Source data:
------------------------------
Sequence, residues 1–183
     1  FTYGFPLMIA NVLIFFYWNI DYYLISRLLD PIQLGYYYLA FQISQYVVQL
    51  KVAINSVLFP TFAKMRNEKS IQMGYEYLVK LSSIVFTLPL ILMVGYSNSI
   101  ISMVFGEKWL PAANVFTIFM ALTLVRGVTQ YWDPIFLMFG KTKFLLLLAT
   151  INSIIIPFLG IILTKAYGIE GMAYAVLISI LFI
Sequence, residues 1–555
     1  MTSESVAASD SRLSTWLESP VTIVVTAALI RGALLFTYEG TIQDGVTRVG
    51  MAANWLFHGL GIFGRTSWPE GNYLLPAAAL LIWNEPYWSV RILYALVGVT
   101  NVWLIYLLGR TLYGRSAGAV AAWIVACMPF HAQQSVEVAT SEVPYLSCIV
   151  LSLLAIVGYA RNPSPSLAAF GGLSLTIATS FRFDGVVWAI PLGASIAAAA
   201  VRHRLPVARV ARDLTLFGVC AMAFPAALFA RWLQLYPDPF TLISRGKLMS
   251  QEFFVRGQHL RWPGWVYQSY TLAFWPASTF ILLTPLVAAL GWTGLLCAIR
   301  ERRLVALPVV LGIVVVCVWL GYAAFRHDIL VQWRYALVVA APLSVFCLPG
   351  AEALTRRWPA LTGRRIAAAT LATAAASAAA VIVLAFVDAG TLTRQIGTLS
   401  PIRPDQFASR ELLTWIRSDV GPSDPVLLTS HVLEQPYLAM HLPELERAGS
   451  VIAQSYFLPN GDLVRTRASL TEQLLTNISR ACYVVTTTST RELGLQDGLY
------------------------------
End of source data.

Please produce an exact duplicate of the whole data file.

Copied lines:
Sequence, residues 1–183
     1  FTYGFPLMIA NVLIFFYWNI DYYLISRLLD PIQLGYYYLA FQISQYVVQL
    51  KVAINSVLFP TFAKMRNEKS IQMGYEYLVK LSSIVFTLPL ILMVGYSNSI
   101  ISMVFGEKWL PAANVFTIFM ALTLVRGVTQ YWDPIFLMFG KTKFLLLLAT
   151  INSIIIPFLG IILTKAYGIE GMAYAVLISI LFI
Sequence, residues 1–555
     1  MTSESVAASD SRLSTWLESP VTIVVTAALI RGALLFTYEG TIQDGVTRVG
    51  MAANWLFHGL GIFGRTSWPE GNYLLPAAAL LIWNEPYWSV RILYALVGVT
   101  NVWLIYLLGR TLYGRSAGAV AAWIVACMPF HAQQSVEVAT SEVPYLSCIV
   151  LSLLAIVGYA RNPSPSLAAF GGLSLTIATS FRFDGVVWAI PLGASIAAAA
   201  VRHRLPVARV ARDLTLFGVC AMAFPAALFA RWLQLYPDPF TLISRGKLMS
   251  QEFFVRGQHL RWPGWVYQSY TLAFWPASTF ILLTPLVAAL GWTGLLCAIR
   301  ERRLVALPVV LGIVVVCVWL GYAAFRHDIL VQWRYALVVA APLSVFCLPG
   351  AEALTRRWPA LTGRRIAAAT LATAAASAAA VIVLAFVDAG TLTRQIGTLS
   401  PIRPDQFASR ELLTWIRSDV GPSDPVLLTS HVLEQPYLAM HLPELERAGS
   451  VIAQSYFLPN GDLVRTRASL TEQLLTNISR ACYVVTTTST RELGLQDGLY